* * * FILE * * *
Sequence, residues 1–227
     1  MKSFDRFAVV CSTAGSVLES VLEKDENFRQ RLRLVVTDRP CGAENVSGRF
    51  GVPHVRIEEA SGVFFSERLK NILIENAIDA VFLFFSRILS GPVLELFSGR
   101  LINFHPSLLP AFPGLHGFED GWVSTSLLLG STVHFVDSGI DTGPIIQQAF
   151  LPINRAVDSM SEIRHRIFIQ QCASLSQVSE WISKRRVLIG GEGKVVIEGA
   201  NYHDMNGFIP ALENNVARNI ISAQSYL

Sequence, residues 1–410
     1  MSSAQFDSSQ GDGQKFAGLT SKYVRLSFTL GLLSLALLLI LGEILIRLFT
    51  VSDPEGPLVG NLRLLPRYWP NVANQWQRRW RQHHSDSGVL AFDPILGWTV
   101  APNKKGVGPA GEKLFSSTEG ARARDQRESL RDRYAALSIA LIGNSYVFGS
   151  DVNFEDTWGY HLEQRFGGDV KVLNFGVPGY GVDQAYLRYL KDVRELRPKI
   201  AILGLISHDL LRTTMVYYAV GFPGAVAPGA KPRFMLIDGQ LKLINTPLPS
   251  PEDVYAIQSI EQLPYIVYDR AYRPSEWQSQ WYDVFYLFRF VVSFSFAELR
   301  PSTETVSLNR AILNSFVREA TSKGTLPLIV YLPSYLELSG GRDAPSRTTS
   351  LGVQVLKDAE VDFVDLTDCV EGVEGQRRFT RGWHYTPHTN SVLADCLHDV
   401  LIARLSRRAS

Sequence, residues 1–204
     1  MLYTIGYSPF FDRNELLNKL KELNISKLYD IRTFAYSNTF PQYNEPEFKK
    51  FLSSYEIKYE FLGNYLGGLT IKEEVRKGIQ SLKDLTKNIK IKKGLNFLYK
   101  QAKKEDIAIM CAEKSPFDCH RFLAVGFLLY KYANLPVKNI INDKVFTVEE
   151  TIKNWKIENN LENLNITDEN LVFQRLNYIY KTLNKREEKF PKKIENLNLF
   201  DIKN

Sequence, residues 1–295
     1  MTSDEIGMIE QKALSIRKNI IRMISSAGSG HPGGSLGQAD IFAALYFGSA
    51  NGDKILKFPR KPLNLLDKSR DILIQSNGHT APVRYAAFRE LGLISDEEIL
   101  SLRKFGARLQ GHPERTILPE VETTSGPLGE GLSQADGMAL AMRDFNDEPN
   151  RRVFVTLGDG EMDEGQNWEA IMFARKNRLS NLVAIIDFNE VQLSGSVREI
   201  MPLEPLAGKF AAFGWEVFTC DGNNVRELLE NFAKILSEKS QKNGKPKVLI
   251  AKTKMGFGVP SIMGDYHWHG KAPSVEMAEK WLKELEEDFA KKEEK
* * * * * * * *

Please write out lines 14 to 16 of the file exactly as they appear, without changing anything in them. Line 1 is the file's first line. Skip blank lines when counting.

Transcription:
   301  PSTETVSLNR AILNSFVREA TSKGTLPLIV YLPSYLELSG GRDAPSRTTS
   351  LGVQVLKDAE VDFVDLTDCV EGVEGQRRFT RGWHYTPHTN SVLADCLHDV
   401  LIARLSRRAS